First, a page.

Rajya Sabha member Sonal Mansingh on Thursday moved a breach of privilege motion in the Upper House against Delhi chief minister Arvind Kejriwal. The motion comes in the wake of Kejriwal’s statement in the Delhi Assembly on December 17 where he said that the three farm bills were passed in the Rajya Sabha in September without voting.
The motion, which was filed on Wednesday, will be taken up by the chairperson and sent to the Delhi Assembly for further action said a person aware of the details.
The Rajya Sabha in September passed the essential commodities (amendment) bill; the Farmers’ produce trade and commerce (promotion and facilitation) Bill and the farmers’ (empowerment and protection) agreement on price assurance and farm services Bill through a voice vote. The proceedings of the House were conducted amid a din as opposition parties protested against the three bills.
Expressing support for a section of farmers who are protesting against the farm laws, Kejriwal on December 17 had torn the farm laws on the floor of the assembly and said, “What was the hurry to get farm laws passed in Parliament during the pandemic? It has perhaps happened for the first time that the three laws were passed without voting in Rajya Sabha…”
Mansingh, who is a nominated member of the Upper House in her letter to the Rajya Sabha chairperson has said, the Delhi chief minister’s statement that the three bills were passed without voting “is not only a serious breach of privilege but also a blatant contempt of the House, which was a mischievous attempt to denigrate the character of the chairman, Rajya Sabha and the prestige of the Upper House of the Parliament of India.”
She further said the speech delivered on December 17, cast serious aspersions on the overall working of the Rajya Sabha and made “unwarranted and unsubstantiated allegations against the chairman”.
In her complaint, Mansingh has said, “Since this criticism on the integrity of chairman, Rajya Sabha and the prudence of the Council of States is a reflection on the Members and the House itself, it is contempt of the House, and thus, constitutes a breach of privilege of the House.”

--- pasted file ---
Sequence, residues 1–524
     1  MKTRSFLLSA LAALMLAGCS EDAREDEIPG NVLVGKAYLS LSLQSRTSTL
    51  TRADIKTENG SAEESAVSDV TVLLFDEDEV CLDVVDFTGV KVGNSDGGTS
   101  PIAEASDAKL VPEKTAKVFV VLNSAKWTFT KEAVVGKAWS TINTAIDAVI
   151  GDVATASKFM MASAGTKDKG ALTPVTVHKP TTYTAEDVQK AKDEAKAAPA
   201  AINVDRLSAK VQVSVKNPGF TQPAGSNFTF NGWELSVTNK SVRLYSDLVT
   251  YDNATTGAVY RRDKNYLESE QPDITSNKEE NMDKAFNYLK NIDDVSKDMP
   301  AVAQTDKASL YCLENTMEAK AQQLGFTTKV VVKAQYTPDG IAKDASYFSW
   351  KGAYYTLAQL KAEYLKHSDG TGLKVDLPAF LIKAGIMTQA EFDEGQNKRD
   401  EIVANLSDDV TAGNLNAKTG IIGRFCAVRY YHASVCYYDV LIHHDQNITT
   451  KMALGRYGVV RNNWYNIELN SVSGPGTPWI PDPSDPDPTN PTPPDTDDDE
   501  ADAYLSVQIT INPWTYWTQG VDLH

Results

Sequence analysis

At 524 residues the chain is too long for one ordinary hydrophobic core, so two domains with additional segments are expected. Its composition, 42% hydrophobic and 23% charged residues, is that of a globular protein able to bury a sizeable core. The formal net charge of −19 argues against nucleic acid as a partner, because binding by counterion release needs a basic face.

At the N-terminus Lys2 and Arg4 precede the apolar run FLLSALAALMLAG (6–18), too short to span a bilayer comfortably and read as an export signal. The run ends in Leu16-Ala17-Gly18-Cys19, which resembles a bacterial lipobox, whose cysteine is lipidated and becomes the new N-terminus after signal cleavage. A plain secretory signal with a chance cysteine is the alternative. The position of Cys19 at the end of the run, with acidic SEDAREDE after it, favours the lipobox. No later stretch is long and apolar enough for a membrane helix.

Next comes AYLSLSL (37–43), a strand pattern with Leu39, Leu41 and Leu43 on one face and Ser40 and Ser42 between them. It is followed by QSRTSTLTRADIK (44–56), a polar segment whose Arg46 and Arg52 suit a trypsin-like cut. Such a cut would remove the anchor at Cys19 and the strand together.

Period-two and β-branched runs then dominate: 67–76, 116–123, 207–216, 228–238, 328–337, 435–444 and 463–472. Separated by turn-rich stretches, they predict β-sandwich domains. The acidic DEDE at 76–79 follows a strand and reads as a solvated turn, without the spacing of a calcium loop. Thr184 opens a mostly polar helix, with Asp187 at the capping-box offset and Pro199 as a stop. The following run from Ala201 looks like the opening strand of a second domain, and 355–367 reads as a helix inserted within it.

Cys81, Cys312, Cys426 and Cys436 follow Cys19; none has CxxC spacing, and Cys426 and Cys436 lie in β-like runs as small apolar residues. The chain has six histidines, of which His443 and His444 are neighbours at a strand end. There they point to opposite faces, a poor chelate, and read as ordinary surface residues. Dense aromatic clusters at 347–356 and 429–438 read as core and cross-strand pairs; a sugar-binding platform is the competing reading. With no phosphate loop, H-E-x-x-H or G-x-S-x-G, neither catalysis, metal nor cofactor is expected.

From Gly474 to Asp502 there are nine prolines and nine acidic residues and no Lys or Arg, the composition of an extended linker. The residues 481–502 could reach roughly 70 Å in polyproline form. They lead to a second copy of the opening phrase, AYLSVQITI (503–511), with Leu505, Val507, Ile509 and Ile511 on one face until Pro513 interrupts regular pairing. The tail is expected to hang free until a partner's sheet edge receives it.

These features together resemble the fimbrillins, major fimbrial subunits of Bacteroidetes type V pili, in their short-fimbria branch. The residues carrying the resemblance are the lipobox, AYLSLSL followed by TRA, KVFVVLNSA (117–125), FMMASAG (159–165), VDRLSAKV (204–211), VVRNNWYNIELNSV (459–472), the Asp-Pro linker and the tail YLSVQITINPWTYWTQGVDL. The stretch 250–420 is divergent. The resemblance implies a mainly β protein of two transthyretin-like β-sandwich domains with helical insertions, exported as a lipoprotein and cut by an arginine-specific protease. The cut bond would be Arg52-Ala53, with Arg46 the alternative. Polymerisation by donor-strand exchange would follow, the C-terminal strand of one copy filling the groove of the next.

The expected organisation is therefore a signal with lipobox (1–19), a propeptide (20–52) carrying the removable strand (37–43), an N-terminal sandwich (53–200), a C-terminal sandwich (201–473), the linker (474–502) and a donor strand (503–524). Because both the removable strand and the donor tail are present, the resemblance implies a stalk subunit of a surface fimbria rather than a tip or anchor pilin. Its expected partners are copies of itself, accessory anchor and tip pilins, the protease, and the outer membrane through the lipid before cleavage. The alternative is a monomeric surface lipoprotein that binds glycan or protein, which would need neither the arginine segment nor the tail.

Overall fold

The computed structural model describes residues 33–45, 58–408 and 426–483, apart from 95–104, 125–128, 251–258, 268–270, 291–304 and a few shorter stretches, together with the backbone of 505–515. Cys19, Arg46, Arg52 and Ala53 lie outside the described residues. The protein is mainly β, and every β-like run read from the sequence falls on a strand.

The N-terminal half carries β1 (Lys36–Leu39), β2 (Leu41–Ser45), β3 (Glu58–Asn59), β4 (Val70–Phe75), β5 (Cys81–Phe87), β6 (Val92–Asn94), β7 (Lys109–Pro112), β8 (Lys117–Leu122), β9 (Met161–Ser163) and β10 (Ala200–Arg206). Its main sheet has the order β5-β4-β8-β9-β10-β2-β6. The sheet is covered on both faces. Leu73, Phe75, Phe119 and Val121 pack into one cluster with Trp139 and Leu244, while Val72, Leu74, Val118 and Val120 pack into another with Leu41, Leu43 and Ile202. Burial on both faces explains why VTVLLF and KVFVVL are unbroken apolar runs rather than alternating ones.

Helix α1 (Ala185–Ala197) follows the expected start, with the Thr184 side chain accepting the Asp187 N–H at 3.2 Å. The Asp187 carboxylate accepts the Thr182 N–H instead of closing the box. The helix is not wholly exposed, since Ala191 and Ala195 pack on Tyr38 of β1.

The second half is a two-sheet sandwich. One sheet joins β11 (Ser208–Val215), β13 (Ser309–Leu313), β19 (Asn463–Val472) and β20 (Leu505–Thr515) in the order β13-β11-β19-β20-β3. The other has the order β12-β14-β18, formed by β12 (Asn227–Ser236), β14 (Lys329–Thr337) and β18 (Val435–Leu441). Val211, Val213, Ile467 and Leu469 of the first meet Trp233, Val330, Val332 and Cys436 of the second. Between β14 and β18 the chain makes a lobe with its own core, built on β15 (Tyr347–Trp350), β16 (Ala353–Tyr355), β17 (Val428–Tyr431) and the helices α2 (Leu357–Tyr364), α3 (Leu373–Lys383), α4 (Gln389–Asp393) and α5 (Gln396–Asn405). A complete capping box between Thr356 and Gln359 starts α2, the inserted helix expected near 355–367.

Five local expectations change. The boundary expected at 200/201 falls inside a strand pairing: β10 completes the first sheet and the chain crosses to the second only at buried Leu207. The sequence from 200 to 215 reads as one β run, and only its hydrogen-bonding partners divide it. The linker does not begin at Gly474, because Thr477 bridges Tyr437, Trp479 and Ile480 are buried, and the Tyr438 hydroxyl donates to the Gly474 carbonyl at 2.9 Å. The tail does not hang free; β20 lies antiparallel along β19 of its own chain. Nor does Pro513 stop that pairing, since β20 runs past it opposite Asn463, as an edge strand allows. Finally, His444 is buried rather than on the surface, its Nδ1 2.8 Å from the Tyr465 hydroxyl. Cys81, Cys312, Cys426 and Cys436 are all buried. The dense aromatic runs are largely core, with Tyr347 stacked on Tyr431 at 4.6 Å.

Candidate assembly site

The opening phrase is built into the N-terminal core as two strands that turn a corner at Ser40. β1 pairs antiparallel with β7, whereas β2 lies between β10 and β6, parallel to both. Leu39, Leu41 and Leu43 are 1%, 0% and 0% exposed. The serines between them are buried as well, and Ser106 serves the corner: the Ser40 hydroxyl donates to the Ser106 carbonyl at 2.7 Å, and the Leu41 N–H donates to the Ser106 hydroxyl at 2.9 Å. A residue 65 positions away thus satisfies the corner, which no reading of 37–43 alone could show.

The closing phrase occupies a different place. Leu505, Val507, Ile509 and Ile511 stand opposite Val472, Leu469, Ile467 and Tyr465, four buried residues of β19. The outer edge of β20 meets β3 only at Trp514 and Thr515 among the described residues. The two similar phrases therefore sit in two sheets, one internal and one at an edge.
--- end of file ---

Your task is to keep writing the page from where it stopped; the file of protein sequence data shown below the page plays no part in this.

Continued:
The letter goes on to say, Arvind Kejriwal, a member of the legislative assembly of Delhi and the CM has “criticised Rajya Sabha in the legislative assembly of Delhi and questioned the sagacity of Rajya Sabha, in general, and the Chairman of Rajya Sabha in particular. His actions were thus, to obstruct and denigrate the Upper House of Parliament in the performance of its function.”
According to a person aware of parliamentary procedure, a member of Parliament can move a breach of privilege motion against the Delhi CM. “In 1955 during a speaker’s conference it was decided that a motion of breach of privilege can be moved against another house,” the person quoted above said.
To buttress her point Mansingh has cited portions from the Practice and Procedure of Parliament by Kaul and Shakdher that stipulates —“It is breach of privilege and contempt of the House to make speeches reflecting on the character or proceedings of the House or its committees or any member of the house or relating to his character or contact as member. Speeches or writings reflecting on the House or its committees or members are punished by the House as contempt on the privilege that such acts tend to obstruct the House in the performance of their functions by diminishing the respect due to them.”
Constitutional expert PDT Achary, however, said merely tearing up a law that has been passed is not breach of privilege. “The questions arises is the act of tearing a law that has been passed in Parliament and received the President’s accent a breach of privilege. And if the chairperson finds it so, then it is not for the RS to take action; it has to be dealt with by the Delhi Assembly,” he said.